Errors at lab used in Kristin Smart case not likely to impact Flores

June 30, 2024

Kristin Smart


Hundreds of cases could be upended because of an error at the lab that conducted DNA and blood evidence tests in the Kristin Smart case. However, it is unlikely to factor into Paul Fores’ murder conviction.

In 2022, a Monterey County jury found Flores guilty of murdering Smart during an attempted rape in 1996 following a Cal Poly frat party. After the party, Flores helped escort Smart, who was found passed out on a lawn outside the party, back to her dorm room. She was never seen again and her body was never found.

During Flores’ trial, technicians determined DNA evidence from the mattress in his former dorm room was too degraded to either identify or exclude Smart as having been on Flores’ bed, testing done by Serological Research Institute (SERI Lab).

The lab is under fire after it was discovered an employee put an inaccurate system setting in an instrument used to detect DNA in Jan. 2017. The error was not corrected until Jan. 2, 2022.

While operating under the wrong setting, the machine was used in 580 cases across California, which has led officials to research the impact of the results.

In Sonoma County, Daniel Carrillo was on trial for the 2016 murder of Kirk Kimberly when an amended analysis of the knife he allegedly used to kill Kimberly showed “significantly lower values” of Carrillo’s DNA than the earlier test. Carrillo’s attorney then filed for and received a mistrial. The court is now considering dates for a new trial.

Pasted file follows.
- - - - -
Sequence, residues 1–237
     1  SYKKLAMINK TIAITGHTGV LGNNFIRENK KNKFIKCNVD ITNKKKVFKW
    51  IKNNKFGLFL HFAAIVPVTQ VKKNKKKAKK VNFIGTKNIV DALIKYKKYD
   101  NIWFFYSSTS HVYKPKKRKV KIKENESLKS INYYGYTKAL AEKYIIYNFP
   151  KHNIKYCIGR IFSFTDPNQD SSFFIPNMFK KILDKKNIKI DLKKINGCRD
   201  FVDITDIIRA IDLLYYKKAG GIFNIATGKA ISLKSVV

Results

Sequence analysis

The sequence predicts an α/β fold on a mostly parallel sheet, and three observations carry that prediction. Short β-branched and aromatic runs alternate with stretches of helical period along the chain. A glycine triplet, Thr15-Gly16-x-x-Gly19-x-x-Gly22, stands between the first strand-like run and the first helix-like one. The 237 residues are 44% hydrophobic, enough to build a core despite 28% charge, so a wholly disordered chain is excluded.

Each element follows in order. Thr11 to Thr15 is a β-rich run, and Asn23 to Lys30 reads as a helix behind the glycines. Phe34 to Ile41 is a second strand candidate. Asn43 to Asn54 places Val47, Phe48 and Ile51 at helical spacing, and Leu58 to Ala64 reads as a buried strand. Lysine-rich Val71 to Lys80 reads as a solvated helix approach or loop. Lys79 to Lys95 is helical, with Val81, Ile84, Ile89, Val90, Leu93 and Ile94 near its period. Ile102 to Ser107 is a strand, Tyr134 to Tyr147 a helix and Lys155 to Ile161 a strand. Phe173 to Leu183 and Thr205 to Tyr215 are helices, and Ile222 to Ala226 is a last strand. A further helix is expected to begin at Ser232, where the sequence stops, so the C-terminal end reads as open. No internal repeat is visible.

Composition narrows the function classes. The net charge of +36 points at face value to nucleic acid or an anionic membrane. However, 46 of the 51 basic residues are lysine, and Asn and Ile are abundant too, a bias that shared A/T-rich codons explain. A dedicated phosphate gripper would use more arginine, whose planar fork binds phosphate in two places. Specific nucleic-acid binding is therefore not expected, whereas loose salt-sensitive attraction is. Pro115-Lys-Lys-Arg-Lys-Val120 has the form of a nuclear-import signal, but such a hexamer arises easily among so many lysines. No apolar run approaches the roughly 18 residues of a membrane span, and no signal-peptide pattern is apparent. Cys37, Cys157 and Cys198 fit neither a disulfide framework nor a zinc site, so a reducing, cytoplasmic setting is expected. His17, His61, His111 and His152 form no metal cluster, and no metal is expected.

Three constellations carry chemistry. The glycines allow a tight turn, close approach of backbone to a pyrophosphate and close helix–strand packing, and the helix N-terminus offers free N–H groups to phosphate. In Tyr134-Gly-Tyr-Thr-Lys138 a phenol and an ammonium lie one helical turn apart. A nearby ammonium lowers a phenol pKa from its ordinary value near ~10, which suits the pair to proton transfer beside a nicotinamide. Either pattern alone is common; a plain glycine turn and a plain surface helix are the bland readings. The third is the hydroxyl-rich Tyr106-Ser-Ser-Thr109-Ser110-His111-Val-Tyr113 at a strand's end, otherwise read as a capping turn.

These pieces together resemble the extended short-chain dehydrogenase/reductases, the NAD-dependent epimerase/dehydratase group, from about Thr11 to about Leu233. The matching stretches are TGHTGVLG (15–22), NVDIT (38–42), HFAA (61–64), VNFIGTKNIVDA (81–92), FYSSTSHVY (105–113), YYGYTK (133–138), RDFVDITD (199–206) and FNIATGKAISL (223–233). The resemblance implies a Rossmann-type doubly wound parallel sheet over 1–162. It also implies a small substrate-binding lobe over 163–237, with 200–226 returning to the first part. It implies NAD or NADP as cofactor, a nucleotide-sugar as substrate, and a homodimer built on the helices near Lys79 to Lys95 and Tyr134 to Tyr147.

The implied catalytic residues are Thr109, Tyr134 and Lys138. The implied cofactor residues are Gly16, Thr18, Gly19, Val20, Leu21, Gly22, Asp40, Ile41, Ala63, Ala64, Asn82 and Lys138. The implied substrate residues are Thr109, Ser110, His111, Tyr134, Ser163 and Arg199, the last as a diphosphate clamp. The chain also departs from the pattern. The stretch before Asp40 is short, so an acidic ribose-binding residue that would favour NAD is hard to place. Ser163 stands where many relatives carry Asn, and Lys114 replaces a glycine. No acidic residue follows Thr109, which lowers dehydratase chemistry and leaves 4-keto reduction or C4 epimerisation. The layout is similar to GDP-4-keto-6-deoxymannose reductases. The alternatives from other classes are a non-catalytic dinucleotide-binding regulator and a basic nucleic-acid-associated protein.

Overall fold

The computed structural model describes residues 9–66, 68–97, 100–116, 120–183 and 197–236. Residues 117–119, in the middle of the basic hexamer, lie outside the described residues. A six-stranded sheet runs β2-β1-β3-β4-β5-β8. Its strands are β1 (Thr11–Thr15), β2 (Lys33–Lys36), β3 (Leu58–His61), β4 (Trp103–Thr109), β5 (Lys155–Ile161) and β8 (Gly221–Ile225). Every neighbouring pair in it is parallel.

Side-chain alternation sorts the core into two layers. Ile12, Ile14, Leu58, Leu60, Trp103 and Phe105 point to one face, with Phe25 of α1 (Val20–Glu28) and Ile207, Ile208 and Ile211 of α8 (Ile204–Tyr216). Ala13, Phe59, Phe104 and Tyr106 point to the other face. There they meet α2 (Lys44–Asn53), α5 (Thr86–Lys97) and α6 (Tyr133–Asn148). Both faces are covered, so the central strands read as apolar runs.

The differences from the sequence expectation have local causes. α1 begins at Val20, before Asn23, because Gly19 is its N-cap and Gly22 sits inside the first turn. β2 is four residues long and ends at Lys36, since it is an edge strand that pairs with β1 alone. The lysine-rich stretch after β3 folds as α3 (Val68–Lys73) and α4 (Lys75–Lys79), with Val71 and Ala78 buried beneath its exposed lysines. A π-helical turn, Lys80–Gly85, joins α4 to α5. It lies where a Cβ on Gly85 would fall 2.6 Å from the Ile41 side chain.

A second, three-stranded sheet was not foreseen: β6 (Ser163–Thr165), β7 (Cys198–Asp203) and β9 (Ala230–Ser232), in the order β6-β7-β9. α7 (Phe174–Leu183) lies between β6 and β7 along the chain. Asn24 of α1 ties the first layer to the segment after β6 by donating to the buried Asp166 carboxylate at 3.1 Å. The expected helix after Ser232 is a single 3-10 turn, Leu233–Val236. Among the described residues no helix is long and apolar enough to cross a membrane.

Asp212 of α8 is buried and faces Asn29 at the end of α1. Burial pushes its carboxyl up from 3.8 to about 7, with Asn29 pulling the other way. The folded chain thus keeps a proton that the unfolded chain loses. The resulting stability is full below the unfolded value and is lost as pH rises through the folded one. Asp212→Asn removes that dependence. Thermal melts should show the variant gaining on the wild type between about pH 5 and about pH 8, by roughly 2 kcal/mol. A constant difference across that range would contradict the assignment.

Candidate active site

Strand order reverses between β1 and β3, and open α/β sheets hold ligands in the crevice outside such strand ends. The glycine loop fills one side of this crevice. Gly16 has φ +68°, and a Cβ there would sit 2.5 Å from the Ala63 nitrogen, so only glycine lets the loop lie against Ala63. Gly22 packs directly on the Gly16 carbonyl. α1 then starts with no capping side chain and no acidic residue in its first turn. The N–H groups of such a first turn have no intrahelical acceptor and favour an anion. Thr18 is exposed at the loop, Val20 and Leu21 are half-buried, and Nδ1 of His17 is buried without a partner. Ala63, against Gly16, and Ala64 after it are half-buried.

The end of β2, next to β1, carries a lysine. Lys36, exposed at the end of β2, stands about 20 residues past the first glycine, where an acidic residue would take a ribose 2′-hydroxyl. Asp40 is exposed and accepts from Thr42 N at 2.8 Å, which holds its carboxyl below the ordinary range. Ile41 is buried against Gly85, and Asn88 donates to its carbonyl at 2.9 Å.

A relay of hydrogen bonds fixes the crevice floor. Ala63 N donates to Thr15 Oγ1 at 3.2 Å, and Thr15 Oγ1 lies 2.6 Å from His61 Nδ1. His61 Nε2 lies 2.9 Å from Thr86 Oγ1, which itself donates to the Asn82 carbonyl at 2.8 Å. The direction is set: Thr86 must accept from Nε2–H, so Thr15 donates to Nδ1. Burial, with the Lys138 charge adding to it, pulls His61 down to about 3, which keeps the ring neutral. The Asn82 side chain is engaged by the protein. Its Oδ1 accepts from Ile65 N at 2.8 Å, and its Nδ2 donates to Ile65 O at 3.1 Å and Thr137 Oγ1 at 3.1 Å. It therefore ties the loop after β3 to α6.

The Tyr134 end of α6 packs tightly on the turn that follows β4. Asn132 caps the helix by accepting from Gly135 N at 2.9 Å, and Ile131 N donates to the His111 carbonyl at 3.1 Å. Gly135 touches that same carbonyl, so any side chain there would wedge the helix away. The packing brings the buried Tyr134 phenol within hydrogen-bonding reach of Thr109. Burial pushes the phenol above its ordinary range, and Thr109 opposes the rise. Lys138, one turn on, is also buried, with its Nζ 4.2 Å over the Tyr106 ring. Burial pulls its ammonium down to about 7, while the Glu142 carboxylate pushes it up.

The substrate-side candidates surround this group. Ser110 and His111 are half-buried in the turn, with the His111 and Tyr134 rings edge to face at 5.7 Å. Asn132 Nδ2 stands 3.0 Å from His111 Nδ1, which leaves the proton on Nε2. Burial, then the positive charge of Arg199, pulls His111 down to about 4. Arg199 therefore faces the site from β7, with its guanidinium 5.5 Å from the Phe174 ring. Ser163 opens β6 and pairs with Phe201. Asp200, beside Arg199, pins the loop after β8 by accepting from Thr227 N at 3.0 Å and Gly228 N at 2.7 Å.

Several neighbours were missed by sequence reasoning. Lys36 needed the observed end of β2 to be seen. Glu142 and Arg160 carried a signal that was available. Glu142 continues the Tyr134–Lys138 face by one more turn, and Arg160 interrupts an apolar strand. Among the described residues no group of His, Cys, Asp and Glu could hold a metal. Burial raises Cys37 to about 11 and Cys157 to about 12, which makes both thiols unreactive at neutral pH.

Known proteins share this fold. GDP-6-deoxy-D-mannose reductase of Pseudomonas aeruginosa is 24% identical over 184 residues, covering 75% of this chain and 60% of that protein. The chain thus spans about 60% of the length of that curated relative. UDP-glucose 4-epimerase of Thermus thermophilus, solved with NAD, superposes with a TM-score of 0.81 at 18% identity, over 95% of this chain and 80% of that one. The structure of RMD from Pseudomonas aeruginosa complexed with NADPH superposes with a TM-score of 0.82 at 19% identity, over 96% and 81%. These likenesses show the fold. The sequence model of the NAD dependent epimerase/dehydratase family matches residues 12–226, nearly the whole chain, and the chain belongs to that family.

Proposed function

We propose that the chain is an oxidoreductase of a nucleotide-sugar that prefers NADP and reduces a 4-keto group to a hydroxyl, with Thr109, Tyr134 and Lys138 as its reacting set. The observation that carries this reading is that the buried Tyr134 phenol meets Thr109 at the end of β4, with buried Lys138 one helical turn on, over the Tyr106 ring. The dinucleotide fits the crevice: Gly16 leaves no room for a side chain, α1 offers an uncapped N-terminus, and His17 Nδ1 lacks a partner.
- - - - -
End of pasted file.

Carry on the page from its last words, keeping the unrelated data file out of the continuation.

Even though prosecutors in Paul Flores’ murder trial relied on testing performed by SERI Lab equipment and personnel, it was primarily related to the Hem Direct test of samples from under a porch that tested positive for the presence of human blood, said SLO County District Attorney Dan Dow.

“This case was not built on DNA evidence,” Dow said. “While it will likely be added to the appeal, it is not likely to have an impact.”

After a Monterey County jury found Flores guilty of murdering Smart, Judge Jennifer O’Keefe sentenced Flores to to 25 years to life in prison.

In April, 2023, Flores’s former attorney, Robert Sanger, filed a notice of appeal. The state then appointed attorney Solomon Wollack to represent Flores.

Following two brutal attacks, Flores is currently serving his sentence at California State Prison in Corcoran.


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